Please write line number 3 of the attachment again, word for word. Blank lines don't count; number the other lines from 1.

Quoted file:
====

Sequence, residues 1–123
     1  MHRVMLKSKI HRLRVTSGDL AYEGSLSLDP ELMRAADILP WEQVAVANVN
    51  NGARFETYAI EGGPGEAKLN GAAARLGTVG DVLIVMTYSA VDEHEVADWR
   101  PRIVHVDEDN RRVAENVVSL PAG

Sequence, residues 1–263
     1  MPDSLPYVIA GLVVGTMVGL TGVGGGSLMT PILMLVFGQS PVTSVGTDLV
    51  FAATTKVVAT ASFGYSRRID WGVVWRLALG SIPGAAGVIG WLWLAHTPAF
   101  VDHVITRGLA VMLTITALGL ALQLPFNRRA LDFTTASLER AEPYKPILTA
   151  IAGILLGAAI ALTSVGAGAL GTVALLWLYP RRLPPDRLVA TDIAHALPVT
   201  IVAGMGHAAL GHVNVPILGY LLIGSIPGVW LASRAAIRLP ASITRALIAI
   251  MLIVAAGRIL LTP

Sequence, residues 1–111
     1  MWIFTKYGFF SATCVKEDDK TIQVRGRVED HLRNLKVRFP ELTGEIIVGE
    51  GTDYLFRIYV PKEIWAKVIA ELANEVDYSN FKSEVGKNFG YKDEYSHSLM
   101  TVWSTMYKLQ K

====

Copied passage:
    51  NGARFETYAI EGGPGEAKLN GAAARLGTVG DVLIVMTYSA VDEHEVADWR